.. We are not behaving as responsible adults. Our greatest political challenge is out of control debt. Our greatest social challenges are declining families, increasing dependency, and eroding social cohesion. The debt could have been addressed by government.

Trump considers media personality Larry Kudlow as top White House economic adviser

Media personality Larry Kudlow, a loquacious and energetic advocate of low taxes and free trade, has emerged as a leading candidate to replace Gary Cohn as director of the White House’s National Economic Council

.. Kudlow was an adviser to Trump during the 2016 campaign, working closely with Treasury Secretary Steven Mnuchin on the design of an initial tax plan. But Kudlow, in media appearances in the past month, has been critical of President Trump’s new plan to impose tariffs on steel and aluminum imports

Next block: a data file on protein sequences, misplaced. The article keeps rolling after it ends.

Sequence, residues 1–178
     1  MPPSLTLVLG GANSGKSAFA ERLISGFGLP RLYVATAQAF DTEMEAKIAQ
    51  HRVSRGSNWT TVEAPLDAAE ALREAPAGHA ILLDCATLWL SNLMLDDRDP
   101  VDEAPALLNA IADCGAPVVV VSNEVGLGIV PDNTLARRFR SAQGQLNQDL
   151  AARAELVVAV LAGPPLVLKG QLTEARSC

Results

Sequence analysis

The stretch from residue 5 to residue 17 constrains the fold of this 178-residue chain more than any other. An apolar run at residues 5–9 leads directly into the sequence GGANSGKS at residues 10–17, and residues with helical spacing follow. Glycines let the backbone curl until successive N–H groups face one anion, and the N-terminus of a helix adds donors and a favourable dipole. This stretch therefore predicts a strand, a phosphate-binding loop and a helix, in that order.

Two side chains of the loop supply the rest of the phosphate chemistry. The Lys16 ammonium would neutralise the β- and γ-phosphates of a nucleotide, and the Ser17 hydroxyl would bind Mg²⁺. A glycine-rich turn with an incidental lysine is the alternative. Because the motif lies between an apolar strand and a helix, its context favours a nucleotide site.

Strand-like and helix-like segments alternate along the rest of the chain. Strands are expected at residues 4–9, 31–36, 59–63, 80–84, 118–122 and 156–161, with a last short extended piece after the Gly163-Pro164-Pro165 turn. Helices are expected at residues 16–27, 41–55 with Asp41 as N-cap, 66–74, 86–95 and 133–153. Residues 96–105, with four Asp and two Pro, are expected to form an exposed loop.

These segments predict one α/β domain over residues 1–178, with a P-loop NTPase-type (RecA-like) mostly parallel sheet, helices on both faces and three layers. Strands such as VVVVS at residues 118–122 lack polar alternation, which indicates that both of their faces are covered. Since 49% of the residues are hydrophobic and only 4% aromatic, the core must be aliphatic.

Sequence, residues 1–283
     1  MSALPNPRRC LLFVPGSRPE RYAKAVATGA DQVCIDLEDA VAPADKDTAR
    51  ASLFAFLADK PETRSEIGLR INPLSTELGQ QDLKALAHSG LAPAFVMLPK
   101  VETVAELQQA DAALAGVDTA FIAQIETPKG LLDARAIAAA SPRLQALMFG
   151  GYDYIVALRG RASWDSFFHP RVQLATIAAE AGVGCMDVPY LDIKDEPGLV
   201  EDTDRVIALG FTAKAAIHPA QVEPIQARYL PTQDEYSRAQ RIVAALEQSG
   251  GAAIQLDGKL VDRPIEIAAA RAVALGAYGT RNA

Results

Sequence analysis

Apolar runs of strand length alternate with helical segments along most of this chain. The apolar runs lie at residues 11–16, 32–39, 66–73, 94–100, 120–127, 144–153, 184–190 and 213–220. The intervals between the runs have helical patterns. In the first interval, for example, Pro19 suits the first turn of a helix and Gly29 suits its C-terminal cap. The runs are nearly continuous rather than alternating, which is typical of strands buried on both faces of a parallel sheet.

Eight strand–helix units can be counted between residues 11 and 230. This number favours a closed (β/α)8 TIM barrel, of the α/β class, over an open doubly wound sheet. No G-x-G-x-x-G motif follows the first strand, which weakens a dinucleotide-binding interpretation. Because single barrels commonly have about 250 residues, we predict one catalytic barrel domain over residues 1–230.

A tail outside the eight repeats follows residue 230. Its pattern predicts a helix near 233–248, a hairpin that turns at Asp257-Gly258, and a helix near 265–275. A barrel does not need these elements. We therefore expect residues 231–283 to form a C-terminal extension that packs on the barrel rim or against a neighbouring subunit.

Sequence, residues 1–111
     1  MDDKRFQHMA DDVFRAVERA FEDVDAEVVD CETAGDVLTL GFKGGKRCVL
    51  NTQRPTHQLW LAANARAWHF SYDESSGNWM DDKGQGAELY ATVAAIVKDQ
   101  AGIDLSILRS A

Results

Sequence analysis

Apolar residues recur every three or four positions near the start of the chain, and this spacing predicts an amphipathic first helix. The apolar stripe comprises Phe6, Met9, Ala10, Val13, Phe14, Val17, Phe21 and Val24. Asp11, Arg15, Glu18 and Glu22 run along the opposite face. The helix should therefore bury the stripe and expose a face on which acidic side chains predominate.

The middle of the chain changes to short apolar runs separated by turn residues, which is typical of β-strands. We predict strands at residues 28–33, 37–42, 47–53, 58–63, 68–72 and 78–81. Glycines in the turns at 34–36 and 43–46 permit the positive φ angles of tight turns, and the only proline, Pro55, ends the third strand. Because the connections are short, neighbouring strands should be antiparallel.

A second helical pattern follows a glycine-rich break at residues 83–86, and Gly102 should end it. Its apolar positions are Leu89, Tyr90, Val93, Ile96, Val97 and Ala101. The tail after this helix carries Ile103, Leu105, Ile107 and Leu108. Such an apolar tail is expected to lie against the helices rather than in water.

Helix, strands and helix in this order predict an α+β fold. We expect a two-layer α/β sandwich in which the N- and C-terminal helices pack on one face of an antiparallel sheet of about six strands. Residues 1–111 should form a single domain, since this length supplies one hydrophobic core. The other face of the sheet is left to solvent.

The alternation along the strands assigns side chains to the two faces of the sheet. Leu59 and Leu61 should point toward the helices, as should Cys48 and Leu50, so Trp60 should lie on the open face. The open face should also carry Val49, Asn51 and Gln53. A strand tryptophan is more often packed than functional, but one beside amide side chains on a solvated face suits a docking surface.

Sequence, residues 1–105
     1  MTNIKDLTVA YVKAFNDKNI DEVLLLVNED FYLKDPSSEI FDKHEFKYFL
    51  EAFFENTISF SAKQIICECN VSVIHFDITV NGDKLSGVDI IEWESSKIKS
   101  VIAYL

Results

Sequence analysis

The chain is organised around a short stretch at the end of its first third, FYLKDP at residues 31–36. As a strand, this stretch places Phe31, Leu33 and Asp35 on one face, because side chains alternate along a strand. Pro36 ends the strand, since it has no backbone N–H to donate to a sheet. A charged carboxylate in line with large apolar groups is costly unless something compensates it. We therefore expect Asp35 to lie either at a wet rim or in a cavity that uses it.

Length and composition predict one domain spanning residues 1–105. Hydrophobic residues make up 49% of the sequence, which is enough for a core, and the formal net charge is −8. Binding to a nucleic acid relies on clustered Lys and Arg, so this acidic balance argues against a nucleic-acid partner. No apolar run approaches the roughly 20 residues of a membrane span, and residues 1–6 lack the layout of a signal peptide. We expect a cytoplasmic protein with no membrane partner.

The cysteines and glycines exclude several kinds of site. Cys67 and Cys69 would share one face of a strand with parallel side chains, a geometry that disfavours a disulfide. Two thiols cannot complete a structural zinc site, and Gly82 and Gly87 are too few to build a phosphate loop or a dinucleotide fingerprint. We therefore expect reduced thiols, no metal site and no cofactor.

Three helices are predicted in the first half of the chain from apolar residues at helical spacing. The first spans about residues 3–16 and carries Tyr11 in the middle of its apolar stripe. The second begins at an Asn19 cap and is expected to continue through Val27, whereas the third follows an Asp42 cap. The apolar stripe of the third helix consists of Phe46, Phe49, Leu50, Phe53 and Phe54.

.. Trump’s close relationship with Kudlow — and Kudlow’s experience speaking on television — have bolstered his candidacy for the job.

.. On March 3, Kudlow joined Steve Moore and Arthur Laffer in a column for CNBC.com that was sharply critical of Trump’s proposal to impose the new tariffs.

“Trump should also examine the historical record on tariffs, because they have almost never worked as intended and almost always deliver an unhappy ending,” they wrote.

.. It is unclear if Trump wants his next NEC director to advance an ambitious agenda or spend more time with the media defending the changes that have already taken place, such as tax cuts and efforts to roll back regulations.

Oh, What a Trumpy Trade War!

After all, trade (like racism) is an issue on which Trump has been utterly consistent over the years.